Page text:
Wall of Sound Review
A mesh of electronic synthesizers, pop sentiment, and organically grown rhythms, the debut album from delicate French duo Air is a deliciously atmospheric effort that references everything from Jean Jacques Perrey's In Sounds From Way Out to the French new wave. What make the group's music so appealing, though, is that their synth sounds are deliberately modern, sounding both earthy and cosmic, and equally at home in down-tempo chill-out rooms of all-night parties or in fancy makeup commercials on TV.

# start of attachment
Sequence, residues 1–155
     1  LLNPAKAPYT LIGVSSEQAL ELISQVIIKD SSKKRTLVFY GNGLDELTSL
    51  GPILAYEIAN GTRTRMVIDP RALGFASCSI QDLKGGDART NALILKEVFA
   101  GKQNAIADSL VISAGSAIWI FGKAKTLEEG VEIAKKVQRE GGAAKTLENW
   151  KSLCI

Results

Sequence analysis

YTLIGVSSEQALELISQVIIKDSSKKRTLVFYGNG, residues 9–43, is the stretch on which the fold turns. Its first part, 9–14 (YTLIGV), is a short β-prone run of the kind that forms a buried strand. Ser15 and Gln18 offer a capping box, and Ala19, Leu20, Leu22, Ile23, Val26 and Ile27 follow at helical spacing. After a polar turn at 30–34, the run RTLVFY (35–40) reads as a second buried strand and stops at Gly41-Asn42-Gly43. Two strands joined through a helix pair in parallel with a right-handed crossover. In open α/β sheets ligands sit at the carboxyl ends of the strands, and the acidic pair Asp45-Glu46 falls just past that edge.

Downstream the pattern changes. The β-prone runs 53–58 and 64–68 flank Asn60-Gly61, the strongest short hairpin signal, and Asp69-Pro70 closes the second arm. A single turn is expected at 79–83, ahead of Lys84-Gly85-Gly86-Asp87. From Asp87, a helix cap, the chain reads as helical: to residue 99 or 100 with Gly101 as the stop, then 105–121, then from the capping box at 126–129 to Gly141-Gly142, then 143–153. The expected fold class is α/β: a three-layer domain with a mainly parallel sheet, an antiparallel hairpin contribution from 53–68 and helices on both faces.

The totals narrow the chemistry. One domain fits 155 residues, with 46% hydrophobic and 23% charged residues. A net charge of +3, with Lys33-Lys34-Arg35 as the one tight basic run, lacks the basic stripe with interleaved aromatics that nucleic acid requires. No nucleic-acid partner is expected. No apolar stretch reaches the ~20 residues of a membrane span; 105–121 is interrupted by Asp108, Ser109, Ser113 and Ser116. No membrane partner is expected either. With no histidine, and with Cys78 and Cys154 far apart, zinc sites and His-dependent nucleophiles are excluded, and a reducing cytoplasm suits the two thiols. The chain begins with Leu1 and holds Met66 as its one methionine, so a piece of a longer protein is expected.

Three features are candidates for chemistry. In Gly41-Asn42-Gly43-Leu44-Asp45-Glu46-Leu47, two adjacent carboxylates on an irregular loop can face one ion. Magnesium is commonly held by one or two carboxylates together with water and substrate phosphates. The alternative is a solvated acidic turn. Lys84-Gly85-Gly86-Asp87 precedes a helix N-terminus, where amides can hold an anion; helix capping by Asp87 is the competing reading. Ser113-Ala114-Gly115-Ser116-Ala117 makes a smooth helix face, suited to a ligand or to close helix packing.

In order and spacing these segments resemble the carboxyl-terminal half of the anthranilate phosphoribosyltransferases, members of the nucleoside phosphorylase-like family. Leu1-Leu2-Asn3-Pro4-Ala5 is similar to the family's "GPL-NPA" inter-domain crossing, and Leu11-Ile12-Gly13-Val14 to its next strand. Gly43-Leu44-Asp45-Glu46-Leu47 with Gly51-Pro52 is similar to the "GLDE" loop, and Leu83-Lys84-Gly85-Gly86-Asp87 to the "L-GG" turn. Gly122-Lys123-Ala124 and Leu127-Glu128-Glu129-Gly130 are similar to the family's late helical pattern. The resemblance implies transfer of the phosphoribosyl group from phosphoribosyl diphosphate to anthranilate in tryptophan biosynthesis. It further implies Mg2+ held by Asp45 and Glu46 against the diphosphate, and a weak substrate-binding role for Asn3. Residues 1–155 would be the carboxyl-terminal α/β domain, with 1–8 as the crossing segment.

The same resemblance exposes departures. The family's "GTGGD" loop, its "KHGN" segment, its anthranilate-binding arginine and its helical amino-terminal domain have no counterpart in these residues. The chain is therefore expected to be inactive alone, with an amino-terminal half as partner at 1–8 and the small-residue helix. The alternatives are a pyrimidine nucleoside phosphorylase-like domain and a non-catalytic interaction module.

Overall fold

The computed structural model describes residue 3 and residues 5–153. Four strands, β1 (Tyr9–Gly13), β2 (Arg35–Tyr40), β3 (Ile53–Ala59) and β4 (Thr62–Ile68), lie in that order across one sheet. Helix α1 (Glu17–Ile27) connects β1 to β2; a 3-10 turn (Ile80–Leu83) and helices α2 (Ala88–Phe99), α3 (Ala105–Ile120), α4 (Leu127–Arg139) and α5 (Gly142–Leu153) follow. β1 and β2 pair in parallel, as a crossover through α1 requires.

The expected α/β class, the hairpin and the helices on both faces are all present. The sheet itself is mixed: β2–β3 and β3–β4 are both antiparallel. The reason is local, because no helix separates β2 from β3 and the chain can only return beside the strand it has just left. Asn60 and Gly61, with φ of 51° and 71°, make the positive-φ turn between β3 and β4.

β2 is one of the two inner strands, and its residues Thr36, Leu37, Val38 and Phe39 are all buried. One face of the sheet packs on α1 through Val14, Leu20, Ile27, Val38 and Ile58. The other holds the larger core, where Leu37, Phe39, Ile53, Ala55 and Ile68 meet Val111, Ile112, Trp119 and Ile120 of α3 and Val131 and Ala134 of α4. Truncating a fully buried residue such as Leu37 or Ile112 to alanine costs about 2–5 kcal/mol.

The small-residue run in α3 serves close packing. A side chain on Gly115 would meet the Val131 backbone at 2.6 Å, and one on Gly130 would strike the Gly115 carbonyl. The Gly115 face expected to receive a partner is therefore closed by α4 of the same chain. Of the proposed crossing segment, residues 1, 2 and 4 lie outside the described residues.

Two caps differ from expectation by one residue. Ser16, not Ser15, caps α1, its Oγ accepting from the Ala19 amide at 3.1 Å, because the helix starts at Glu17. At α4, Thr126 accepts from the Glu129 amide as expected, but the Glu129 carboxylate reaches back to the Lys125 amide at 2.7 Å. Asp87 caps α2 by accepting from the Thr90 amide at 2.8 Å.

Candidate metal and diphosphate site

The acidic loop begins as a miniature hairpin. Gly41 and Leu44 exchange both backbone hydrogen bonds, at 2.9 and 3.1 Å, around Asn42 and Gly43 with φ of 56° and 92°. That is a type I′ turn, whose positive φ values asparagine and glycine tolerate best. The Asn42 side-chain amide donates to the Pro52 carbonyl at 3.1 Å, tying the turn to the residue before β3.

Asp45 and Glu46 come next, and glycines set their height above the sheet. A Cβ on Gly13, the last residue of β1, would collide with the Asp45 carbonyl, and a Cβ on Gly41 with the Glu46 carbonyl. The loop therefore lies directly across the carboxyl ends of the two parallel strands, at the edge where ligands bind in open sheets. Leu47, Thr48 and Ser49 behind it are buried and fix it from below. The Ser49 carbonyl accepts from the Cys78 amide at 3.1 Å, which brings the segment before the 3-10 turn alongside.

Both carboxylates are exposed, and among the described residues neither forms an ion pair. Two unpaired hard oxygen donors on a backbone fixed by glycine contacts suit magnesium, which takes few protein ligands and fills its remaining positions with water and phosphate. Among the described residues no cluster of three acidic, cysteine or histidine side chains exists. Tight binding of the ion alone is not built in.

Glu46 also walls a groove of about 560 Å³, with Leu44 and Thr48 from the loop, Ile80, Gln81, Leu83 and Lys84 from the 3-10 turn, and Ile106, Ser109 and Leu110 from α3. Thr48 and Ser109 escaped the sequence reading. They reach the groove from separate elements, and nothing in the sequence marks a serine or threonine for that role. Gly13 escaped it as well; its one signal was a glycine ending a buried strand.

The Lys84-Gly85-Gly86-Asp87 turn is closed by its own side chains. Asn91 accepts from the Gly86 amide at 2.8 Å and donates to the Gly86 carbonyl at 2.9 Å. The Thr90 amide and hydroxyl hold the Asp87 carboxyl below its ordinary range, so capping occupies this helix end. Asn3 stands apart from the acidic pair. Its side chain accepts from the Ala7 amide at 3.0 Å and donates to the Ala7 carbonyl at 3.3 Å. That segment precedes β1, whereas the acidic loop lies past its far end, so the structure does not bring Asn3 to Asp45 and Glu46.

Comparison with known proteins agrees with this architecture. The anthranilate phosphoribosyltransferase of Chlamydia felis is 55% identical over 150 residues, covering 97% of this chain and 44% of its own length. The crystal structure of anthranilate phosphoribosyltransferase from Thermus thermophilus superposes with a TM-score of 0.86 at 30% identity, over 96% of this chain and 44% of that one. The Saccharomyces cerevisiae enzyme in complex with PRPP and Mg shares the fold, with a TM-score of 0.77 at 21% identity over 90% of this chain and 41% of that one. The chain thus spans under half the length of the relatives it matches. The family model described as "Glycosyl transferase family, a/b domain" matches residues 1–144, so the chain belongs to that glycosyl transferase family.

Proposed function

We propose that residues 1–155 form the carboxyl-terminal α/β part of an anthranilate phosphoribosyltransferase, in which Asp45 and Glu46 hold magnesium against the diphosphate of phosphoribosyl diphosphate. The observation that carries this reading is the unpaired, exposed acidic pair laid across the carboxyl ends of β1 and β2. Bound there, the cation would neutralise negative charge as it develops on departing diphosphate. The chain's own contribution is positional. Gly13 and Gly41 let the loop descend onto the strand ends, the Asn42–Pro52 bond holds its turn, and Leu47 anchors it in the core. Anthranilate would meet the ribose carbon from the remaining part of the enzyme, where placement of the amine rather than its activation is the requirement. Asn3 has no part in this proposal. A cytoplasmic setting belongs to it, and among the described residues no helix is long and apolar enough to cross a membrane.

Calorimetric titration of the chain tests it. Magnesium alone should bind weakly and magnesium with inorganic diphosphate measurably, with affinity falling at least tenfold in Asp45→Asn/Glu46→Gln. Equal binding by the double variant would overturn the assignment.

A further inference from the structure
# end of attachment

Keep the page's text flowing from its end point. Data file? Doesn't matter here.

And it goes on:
Yet as the album's opener, "La Femme D'Argent," proves, there's hardly anything cosmetic about this band. The intricate instrumental piece is drunk with hopscotching percussion, the sounds of rain, and a bass line that seems to be daydreaming. The group's celestial being is further expanded by an underlying sense of pop, albeit a somewhat harlequin one. "Sexy Boy" and "Kelly Watch the Stars," are two odd delicacies that feature layers and layers of Moogs, Rhodes, and Wurlitzer keyboards while the two Air boys sing silly French lyrics using vocoder boxes. "All I Need" is an equally attractive song, but takes a different, more natural route instead. Guest vocalist Beth Hirsch sings with a wonderful weightlessness that complements the dub-heavy, aerated musical backdrop. Further demonstrating the band's range are "Talisman" and "La Voyage de Penelope," two deliberately sedate instrumentals that recall the tender moments in cinematic scores by Ennio Morricone and Nino Rota. Ironically, there's a gravitational weight to the group and its music simply because of its quirky sensibility, musical talents, and, presumably, French citizenship-which, of course, makes Air, despite the name, anything but light and fluffy.